Stockbridge Casino // 1887

The Stockbridge Casino was built in 1887-1888 according to the design of Stanford White, a principal architect of the firm McKim, Mead & White. The building was not what we think of casinos today, it was a ‘casino’ in the older sense of the term, having been established as a place for a reading-room, library, and social meetings, for the richest in town to hang out. For forty years, it offered its members tennis, billiards, dances, theatricals, and lectures throughout the summer seasons. After a period of decline after WWI, the group sold the property to Mabel Choate, who wished to move the Mission House (home of the first missionary to the Stockbridge Indians) from up on Prospect Hill to Main Street. There was reluctance to see the casino torn down, so a group of local citizens — led by Walter Leighton Clark, President of the Grand Central Art Galleries of New York; Austen Fox Riggs, psychiatrist; and Daniel Chester French, sculptor — acquired land at the end of Main Street and moved the Casino to its present site, saving it from the wrecking ball. The building was renovated and reopened in 1928 as the Berkshire Playhouse, and was later renamed the Fitzpatrick Main Stage, a theater run by the Berkshire Theatre Group.

Narragansett Pier Casino (The Towers) // 1886

Designed by the New York firm of McKim, Mead and White, with landscaping designed by Fredrick Law Olmsted, the Narragansett Pier Casino in Narragansett, Rhode Island was one of the finest Gilded Age resorts in New England upon its opening in 1886. Considered to be the center of social life for summer residents in Narragansett Pier, a close second to the glamour of Newport, the Casino structure stood complete for just under 15 years. Guests of the resort enjoyed beach-going, billiards, tennis, cards, bowling, shooting, boating, and beautiful reading rooms, shops, restaurants and a theater within in the Casino. In 1900, most of the Shingle style building burned down during what is known on September 12, ending the Summer season. That day, a fire broke out in the neighboring Rockingham Hotel. The flames spread quickly to the Casino and many other significant wood-frame buildings, and leaving only the stone porte-cochere and towers standing of the original casino.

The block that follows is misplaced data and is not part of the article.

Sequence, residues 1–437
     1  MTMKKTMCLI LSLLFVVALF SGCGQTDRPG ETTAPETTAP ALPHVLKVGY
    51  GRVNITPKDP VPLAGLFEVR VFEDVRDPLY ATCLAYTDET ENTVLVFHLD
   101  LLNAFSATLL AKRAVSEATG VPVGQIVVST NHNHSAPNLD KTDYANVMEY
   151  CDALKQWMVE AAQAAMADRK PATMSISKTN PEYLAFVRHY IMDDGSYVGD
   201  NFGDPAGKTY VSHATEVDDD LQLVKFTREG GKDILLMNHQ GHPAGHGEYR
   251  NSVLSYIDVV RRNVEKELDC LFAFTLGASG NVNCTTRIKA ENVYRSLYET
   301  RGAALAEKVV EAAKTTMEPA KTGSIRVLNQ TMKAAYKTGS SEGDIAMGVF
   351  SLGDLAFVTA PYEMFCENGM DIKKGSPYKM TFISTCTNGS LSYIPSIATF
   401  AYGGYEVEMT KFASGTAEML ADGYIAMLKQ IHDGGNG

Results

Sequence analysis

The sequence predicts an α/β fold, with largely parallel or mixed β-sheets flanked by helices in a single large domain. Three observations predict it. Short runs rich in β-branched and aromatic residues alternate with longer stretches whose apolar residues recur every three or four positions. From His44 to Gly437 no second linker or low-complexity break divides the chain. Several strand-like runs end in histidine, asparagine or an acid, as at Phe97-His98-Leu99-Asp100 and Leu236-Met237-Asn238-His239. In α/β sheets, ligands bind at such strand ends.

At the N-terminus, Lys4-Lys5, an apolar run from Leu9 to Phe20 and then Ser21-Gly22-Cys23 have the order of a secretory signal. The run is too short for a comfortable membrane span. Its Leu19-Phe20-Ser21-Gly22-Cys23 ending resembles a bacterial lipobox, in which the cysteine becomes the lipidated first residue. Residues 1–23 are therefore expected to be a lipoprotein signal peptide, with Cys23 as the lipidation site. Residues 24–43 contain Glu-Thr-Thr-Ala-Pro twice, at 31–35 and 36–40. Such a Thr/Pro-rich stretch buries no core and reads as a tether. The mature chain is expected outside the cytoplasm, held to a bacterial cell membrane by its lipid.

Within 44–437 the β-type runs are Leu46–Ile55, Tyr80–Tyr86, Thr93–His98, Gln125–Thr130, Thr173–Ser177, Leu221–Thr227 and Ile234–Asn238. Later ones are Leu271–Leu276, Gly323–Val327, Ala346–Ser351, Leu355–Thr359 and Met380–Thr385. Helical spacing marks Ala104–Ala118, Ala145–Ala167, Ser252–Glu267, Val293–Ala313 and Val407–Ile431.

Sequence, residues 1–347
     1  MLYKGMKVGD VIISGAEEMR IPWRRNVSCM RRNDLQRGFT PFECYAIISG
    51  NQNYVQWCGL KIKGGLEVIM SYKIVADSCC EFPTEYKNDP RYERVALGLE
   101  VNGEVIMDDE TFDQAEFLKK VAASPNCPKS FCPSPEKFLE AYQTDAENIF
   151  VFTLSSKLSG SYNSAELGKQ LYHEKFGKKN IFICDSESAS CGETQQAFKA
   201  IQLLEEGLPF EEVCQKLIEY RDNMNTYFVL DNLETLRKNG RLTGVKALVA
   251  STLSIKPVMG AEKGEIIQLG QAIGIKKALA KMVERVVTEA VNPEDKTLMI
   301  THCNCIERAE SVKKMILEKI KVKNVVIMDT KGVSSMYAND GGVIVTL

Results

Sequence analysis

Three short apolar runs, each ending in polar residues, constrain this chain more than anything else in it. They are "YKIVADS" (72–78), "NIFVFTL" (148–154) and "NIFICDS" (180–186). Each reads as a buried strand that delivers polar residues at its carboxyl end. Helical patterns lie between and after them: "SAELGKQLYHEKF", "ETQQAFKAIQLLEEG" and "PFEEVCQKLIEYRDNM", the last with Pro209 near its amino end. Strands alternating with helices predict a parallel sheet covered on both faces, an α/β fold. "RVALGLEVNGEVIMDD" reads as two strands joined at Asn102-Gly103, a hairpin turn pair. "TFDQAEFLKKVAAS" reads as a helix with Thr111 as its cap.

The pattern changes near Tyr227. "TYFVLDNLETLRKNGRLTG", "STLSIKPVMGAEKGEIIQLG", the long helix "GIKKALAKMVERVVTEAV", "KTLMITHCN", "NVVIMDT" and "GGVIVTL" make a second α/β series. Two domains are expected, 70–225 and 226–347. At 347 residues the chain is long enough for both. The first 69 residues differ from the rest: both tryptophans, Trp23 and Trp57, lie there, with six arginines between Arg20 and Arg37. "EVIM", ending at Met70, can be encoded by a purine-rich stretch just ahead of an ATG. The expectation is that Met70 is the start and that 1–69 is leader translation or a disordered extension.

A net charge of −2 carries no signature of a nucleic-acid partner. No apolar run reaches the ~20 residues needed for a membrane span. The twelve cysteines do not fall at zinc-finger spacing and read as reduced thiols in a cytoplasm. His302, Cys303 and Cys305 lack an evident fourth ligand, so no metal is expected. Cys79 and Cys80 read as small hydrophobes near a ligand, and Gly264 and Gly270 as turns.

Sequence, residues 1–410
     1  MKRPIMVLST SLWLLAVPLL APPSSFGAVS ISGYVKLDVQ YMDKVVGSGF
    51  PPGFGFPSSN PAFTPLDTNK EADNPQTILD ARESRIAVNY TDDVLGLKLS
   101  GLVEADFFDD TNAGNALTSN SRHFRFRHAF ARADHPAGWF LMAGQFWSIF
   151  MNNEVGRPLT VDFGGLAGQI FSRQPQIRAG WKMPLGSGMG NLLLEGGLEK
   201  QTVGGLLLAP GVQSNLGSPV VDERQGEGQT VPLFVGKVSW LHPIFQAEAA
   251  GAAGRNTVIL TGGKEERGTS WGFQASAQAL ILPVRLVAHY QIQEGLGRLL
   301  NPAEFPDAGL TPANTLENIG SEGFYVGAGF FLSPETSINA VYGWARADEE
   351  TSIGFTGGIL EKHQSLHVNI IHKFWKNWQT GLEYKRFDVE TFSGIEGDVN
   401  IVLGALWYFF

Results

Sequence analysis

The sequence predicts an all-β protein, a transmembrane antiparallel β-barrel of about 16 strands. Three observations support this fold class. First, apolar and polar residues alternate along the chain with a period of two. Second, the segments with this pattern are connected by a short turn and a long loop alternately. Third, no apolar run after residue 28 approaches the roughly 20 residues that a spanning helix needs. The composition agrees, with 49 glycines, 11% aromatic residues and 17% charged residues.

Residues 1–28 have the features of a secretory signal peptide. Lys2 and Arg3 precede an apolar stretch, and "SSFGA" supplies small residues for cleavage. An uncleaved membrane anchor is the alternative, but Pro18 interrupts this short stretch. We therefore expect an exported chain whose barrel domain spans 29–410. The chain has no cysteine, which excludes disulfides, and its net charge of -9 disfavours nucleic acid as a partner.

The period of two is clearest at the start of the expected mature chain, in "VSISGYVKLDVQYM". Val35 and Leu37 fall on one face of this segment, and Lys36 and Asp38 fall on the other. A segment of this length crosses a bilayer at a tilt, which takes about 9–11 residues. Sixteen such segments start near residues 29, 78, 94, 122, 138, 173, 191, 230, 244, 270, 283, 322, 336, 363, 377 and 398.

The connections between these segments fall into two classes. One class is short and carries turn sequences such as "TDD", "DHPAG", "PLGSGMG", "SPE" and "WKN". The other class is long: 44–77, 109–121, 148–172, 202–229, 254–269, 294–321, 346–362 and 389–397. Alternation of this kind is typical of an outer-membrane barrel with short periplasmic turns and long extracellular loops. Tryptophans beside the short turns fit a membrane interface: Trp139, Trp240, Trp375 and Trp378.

The stone structure was damaged multiple more times from hurricanes and fires, but stood proudly as a lasting reminder to Narragansett Pier’s Gilded Age past. The Towers is now the premier event space in town and a symbol for the town. Sadly, much of the area of Narragansett Pier today is dotted with surface parking and (in my opinion) uninspiring condominium/hotel developments, though there are collections of significant structures nearby that survived the fire.

Circa 1899 image of Narragansett Casino, before a fire destroyed most of the structure. Detroit Publishing Company image.